South Africa

A - H

Africa, Sandra. "The Role, Prospects and Expectations of the TBVC [Transkei, Bophuthatswana, Venda, and Ciskei] Intelligence Services during an Interim Government Period," Strategic Review for Southern Africa 14, no. 2 (Oct. 1992): 78-94.

Barber, James. "BOSS [Bureau of State Security] in Britain." African Affairs 82, no. 328 (1983): 311-328.

According to the Royal Historical Society Database, this article covers the period from 1950 to 1983.

Berridge, G.R. "The Ethnic 'Agent in Place': English-Speaking Civil Servants and Nationalist South Africa, 1948-57." Intelligence and National Security 4, no. 2 (Apr. 1989): 257-267.

Boraz, Steven C., and Thomas C. Bruneau. "Reforming Intelligence: Democracy and Effectiveness." Journal of Democracy 17, no. 3 (Jul. 2006): 28-42.

"Democratizing or newly democratic countries ... must deal with the ... arduous task of transforming intelligence bureaucracies that once served undemocratic regimes." South Africa and Taiwan "have met the challenge of intelligence reform in varying ways, while Russia "has seen an intelligence establishment inherited from Soviet days promote a recent backslide toward authoritarianism."

Born, Hans, Loch K. Johnson, and Ian Leigh, eds. Who's Watching the Spies? Establishing Intelligence Service Accountability. Dulles, VA: Potomac, 2005.

From publisher: The authors "examine the strengths and weaknesses of the intelligence systems of Argentina, Canada, Germany, Norway, Poland, South Africa, South Korea, the United Kingdom, and the United States."

Peake, Studies 50.2 (2006), comments that "[t]he experiences of each nation provide an interesting mosaic of desired goals and problems of implementation.... It is a timely topic and worth the attention of all those who must deal with these issues everyday as well as the general public whose civil rights are affected when oversight is too robust or inadequate." To Jacoby, DIJ 16.2 (2007), this work "succeeds greatly as an informative source on the workings of current intelligence oversight systems." However, "[t]he reader is left wanting recommendations and commentary on the ethics of intelligence oversight."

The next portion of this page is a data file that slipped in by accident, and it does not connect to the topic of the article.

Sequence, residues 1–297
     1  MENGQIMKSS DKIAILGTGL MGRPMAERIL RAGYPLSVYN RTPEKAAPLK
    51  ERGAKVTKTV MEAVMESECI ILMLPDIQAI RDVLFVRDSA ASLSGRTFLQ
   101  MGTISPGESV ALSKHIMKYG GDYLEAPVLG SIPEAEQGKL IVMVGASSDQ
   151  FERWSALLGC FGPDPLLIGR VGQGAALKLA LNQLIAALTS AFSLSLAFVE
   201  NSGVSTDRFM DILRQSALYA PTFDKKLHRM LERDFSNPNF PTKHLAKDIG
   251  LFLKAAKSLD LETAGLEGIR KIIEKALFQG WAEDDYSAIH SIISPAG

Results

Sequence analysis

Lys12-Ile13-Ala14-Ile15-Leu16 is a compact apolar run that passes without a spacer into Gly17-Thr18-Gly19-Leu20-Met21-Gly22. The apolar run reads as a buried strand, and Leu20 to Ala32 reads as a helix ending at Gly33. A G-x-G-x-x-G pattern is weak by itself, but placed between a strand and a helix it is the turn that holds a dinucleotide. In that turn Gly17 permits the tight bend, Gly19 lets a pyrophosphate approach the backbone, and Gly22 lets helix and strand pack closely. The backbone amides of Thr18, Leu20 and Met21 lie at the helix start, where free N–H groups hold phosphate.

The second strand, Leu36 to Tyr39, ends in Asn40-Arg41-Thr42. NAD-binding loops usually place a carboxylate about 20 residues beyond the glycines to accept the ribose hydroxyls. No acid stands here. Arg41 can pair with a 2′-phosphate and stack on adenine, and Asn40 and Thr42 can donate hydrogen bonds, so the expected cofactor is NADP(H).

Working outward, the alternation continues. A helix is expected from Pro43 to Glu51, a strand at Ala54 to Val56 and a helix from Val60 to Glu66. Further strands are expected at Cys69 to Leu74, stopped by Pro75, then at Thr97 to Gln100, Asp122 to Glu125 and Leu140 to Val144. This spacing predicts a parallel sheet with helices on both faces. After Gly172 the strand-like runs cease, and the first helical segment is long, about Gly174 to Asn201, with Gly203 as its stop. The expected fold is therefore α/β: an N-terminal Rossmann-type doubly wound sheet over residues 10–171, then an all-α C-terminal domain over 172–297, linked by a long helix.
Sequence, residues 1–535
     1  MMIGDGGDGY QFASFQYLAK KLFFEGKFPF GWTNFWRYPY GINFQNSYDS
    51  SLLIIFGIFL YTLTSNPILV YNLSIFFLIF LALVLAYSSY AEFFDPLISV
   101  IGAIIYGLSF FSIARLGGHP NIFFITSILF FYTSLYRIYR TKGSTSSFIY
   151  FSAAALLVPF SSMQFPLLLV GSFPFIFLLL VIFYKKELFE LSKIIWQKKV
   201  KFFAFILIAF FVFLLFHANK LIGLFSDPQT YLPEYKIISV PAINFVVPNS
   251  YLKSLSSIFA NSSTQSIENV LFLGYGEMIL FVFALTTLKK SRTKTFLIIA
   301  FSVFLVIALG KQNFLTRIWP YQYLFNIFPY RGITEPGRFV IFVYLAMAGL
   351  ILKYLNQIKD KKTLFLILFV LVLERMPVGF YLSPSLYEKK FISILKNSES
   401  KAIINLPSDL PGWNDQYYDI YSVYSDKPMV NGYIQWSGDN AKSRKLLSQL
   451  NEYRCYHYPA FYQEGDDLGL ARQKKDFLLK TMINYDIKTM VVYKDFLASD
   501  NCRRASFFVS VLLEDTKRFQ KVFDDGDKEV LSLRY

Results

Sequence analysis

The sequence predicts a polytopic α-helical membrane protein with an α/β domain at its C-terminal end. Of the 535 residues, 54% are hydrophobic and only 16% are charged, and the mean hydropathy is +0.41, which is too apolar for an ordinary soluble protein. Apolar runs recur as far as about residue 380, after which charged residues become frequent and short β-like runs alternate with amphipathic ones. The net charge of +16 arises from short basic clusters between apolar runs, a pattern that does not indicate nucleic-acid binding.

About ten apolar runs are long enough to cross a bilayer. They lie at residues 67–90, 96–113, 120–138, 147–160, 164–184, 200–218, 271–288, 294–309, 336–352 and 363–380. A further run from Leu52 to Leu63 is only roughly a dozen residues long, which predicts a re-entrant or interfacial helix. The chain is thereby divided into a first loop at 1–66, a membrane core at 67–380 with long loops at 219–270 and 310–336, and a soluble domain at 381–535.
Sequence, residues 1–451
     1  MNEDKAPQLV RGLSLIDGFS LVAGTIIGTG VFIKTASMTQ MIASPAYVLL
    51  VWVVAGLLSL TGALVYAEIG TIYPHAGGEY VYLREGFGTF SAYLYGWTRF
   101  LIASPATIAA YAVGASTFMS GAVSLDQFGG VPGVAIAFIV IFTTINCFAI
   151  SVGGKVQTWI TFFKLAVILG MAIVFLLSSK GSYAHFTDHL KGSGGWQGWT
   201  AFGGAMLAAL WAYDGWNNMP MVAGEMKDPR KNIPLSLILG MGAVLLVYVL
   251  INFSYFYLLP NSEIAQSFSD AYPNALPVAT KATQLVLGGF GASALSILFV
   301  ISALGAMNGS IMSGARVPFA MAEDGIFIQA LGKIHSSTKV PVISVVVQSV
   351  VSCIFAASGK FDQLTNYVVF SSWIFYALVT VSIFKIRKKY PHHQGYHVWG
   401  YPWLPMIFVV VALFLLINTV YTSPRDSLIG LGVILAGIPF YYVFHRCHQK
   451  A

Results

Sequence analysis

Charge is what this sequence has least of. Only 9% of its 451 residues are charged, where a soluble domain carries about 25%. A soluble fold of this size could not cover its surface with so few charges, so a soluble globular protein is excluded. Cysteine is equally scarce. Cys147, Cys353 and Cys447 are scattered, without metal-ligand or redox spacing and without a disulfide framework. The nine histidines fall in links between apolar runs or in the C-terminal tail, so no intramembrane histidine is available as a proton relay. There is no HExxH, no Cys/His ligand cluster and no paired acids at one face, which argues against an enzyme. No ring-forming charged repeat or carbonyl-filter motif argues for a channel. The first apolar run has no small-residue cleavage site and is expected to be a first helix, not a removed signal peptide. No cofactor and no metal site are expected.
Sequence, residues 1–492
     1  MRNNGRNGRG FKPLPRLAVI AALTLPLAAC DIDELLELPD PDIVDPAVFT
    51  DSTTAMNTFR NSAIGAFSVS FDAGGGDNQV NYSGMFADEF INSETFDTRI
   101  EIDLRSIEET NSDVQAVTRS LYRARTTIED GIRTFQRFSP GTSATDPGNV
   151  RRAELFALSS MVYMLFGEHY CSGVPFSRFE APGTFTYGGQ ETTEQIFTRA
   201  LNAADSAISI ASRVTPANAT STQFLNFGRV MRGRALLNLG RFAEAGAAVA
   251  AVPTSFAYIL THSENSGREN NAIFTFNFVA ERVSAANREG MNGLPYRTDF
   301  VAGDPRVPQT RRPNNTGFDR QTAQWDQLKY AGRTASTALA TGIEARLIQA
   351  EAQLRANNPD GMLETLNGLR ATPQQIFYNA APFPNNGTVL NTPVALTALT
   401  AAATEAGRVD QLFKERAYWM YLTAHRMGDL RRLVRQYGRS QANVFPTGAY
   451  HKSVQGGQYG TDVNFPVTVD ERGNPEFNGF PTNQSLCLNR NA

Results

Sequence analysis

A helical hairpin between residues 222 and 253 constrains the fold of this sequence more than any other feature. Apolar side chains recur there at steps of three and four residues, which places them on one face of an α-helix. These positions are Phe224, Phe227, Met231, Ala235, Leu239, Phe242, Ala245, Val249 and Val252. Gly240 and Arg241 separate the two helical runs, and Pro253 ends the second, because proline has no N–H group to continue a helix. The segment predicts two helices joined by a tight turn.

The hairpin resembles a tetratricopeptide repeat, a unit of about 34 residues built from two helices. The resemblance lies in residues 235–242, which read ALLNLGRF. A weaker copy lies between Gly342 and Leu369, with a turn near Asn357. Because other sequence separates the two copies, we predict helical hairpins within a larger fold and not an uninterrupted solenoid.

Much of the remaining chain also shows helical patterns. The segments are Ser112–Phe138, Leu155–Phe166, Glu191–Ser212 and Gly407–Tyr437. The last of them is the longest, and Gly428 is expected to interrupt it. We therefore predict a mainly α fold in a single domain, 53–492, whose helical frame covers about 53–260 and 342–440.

For Winn, Parameters, Summer 2006, this "valuable contribution ... addresses the central criteria that should be taken into account by any nation or international organization that hopes to place intelligence agencies under democratic supervision.... [T]he objectives are to ensure that intelligence and security agencies are insulated from political abuse, but not isolated from executive governance."

Brown, I&NS 21.6 (Dec. 2006), finds this work to be "a diappointment. Most of the material is dry and sometimes soporific. It is also biased toward the advocates of intelligence accountability," in that the "essays all address the positives of such a program, but not the negatives.... A debate format would have been much more appropriate..., and could have easily been accomplished by excluding numerous irrelevant and tedious essays."

Brandt, Johanna. Petticoat Commando, or, Boer Women in Secret Service. London: Mills, 1913. [Chambers]

Bruneau, Thomas C., and Steven C. Boraz, eds. Reforming Intelligence: Obstacles to Democratic Control and Effectiveness. Austin, TX: University of Texas Press, 2007.

According to Peake, Studies 52.1 (Mar. 2008) and Intelligencer 16.1 (Spring 2008), this book's 13 chapters include "studies that discuss democratic control and effectiveness in three Western nations -- the United States, the United Kingdom, and France -- and seven new democracies -- Brazil, Taiwan, Argentina, Romania, South Africa, Russia, and the Philippines." Reforming Intelligence "is well documented, well written, and should serve as a foundation for studying this persistent problem."